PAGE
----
“There was a safety net and I was falling into it.”
At a prenatal sonogram, Chandra and her husband learned that they were having a boy, and that he had a rare disorder called heterotaxy syndrome.
He was born with nine heart defects, two left lungs and five spleens “of dubious function,” Chandra said. His liver and gallbladder are down the middle of his body, along with his heart, which needs a pacemaker to pump.
Ethan's third birthday is Saturday, but he's been through four open-chest surgeries. They've cost millions, Chandra estimates, and almost all of his early care was paid for by Obamacare.
Even though the family is no longer relying on Obamacare, his mother says her son is the poster child for Obamacare. And she's using his story as a message to Republicans attempting to change the health-care law.
Senate Republican leaders are trying to overhaul the 2010 Affordable Care Act and pass a new health-care bill, though they are facing opposition from the conservative and moderate wings of the party. Senate leaders announced on Tuesday that they'd postponed a vote on the legislation until after the July 4 recess.
The Congressional Budget Office forecasts that the bill would cause about 22 million more Americans to be uninsured in the next decade. That number is just over a million fewer than the CBO estimate on the House version of the bill, which was passed hastily last month.
As the debate rages, the picture Chandra tweeted of her son's adorable face, surgery scar and protruding pacemaker has rocketed around the Internet, along with its potent message:
“Look my son in the eyes and tell him that he's fought so hard to be here but sorry, you're just not worth it anymore,” she tweeted. “I dare you.”
And on Friday, she posted another image: Her son's $231,000 hospital bill from his recent heart surgery.
She's transparent in what she's trying to do: Put a cuddly human face on a debate about health care that she believes is filled with cost-benefit analyses and shouting.
She hopes their story helps people on both sides of the debate “just quiet down a little bit and look at each other. Come over to my house and spend the day with us and just look at my kid. He’s more than just a hospital bill. He's more than his preexisting condition.”
Obamacare isn't perfect, she concedes, but it's given her nearly three years with her son, who has developed an intense obsession with animals and is looking forward to a moose-themed birthday party Saturday.
Accepting government health care was a tough, embarrassing choice at first, she told The Washington Post, but it was the best way for her to fight for Ethan.
Chandra is a registered pediatric nurse and she and her husband were volunteers for Mercy Ships, a nonprofit that docks floating medical centers at needy countries, offering free specialized surgery and other medical care. She understands that health care is about healing, yes, but also involves triage and prioritizing needs in a world where health care costs money and resources are finite.
They had insurance when they got pregnant with Ethan, but it maxed out during the litany of prenatal tests.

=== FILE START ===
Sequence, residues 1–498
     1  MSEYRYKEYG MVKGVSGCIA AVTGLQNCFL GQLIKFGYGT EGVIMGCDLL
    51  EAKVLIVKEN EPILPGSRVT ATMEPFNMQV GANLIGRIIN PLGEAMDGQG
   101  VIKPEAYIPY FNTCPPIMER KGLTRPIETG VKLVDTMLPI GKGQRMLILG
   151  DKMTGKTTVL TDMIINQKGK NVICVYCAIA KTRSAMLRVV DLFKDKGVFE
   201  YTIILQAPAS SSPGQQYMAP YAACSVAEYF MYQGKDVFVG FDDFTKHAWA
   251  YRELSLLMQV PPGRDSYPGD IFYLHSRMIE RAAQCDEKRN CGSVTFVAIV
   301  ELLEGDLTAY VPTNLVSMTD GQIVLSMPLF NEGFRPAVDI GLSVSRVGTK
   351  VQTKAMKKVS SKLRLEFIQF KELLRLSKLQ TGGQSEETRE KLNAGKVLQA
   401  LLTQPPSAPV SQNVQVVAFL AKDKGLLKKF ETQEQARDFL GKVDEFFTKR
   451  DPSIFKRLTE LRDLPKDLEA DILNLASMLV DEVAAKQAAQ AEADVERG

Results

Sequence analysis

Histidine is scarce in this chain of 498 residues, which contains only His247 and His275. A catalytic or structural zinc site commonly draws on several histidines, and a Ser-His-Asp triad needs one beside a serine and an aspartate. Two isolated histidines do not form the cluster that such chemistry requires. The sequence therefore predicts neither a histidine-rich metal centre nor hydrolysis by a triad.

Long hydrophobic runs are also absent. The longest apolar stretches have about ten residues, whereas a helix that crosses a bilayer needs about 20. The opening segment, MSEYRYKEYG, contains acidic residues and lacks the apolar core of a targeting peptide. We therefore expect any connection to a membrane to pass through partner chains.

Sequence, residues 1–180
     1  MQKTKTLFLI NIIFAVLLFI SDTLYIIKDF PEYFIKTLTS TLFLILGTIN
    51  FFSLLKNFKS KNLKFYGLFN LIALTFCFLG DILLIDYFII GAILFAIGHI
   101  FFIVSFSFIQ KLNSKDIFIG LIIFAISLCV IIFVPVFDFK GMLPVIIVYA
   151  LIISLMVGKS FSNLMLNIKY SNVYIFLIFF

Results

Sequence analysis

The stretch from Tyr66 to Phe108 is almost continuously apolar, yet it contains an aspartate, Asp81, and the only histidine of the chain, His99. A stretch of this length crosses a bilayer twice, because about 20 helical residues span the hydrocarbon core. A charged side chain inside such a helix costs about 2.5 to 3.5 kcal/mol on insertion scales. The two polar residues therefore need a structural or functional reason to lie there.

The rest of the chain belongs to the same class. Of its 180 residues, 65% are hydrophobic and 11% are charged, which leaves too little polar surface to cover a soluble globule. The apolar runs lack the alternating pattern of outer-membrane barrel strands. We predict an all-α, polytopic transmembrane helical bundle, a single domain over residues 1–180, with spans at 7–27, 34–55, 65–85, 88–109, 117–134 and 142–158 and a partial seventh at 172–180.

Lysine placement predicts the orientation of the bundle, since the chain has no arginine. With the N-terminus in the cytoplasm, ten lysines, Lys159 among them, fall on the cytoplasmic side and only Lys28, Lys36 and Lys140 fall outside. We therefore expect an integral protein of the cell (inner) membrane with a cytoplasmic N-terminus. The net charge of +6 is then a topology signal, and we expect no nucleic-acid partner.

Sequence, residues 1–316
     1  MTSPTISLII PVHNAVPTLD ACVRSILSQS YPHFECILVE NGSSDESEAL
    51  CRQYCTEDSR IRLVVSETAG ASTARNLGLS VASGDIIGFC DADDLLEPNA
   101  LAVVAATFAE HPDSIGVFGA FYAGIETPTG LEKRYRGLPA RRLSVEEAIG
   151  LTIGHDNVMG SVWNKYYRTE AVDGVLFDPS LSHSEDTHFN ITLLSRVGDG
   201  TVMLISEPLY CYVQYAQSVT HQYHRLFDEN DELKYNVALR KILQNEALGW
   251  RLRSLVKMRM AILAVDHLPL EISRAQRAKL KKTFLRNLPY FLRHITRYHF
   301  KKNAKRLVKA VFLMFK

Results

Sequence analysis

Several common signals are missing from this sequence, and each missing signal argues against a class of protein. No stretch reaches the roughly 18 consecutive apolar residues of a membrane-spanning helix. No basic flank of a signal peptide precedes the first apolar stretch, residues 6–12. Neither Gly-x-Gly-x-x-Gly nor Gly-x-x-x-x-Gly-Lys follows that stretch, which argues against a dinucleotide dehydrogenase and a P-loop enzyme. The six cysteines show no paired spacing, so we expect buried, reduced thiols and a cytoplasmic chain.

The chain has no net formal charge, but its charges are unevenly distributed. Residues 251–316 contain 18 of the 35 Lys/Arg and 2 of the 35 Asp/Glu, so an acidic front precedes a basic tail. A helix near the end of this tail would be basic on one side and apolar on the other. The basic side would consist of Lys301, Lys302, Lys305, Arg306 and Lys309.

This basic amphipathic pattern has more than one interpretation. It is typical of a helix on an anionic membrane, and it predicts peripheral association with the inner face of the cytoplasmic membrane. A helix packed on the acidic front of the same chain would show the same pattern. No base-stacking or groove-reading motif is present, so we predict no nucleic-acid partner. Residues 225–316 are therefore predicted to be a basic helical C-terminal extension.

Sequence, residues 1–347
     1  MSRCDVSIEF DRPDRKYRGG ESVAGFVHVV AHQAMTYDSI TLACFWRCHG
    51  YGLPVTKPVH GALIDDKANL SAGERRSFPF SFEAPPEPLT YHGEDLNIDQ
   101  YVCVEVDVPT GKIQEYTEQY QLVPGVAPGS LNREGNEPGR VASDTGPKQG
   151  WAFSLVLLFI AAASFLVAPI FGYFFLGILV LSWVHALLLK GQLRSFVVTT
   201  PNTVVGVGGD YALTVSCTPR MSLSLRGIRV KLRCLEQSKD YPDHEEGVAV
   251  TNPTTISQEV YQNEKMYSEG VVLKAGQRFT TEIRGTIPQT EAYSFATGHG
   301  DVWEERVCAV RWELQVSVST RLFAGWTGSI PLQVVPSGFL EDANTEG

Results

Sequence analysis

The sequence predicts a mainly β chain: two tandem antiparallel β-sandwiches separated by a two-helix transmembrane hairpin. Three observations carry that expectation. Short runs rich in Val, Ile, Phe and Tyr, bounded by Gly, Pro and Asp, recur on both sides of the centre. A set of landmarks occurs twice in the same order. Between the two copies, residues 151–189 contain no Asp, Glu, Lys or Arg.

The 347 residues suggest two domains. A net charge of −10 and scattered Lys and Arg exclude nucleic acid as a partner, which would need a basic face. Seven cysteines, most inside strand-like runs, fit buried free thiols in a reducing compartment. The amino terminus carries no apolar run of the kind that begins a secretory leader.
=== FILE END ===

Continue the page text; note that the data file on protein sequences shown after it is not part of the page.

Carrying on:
“We came home expecting to have our baby and go right back to the ship,” she said. “Suddenly we were facing this incredibly uncertain future for our kid.”
Obamacare was a stopgap measure until her husband, an engineer, found a job with health benefits.
“Ethan didn't ask to be born with a preexisting condition,” Chandra said. “It's hard to preach personal responsibility to a 2-year-old.”
Obamacare was “a way that our country provided for us to be able to fight for our kid.”
Now, their family is fighting against attempts to get rid of some of the provisions that helped save Ethan's life.
A Republican-backed health-care bill has passed the House and senators are working to modify their overhaul to make it more palatable. But critics have said the bill would mean millions of people like Ethan, who have preexisting conditions, could lose coverage.
Chandra said she's also wary of language that would allow insurers to impose lifetime or annual caps, which could directly hurt her son, even though they've now switched to her husband's employer's health plan.
“I don't think anyone can look a 2-year-old child in the face and say 'I think that you're not worth it,' " she said. “What they're doing with a lifetime cap is saying you have used up enough resources. I'm sorry that you were born sick. I'm sorry that your mother chose life for you, but now that life is not worth saving anymore.”
There is no cure for heterotaxy. Ethan will probably always be dependent on his pacemaker, for example. In the meantime, she says, she's doing everything in her power to help her son thrive, while poring over any medical advancement that could give them more time with Ethan.
She already considers herself among the lucky ones. Between his major surgeries, he's an active almost 3-year-old who makes mud pies and runs through the woods with his older sister.
And along the way, she's seen small victories in a battle she hopes lasts for decades.
“There’s actually a specific moment when he realized that his life has changed,” she said. “He was walking with me. It was shortly after the surgery in February. He would stop every few steps and tell me 'I have to rest now.'
“But he kind of stopped, he looked at me and he said, 'Mama, I’m not really tired. I’m not getting tired.'
“And he said, 'Mama, I’m Superman.' And he just took off running. He ran like a quarter-mile before he stopped.”
Kristine Phillips contributed to this report.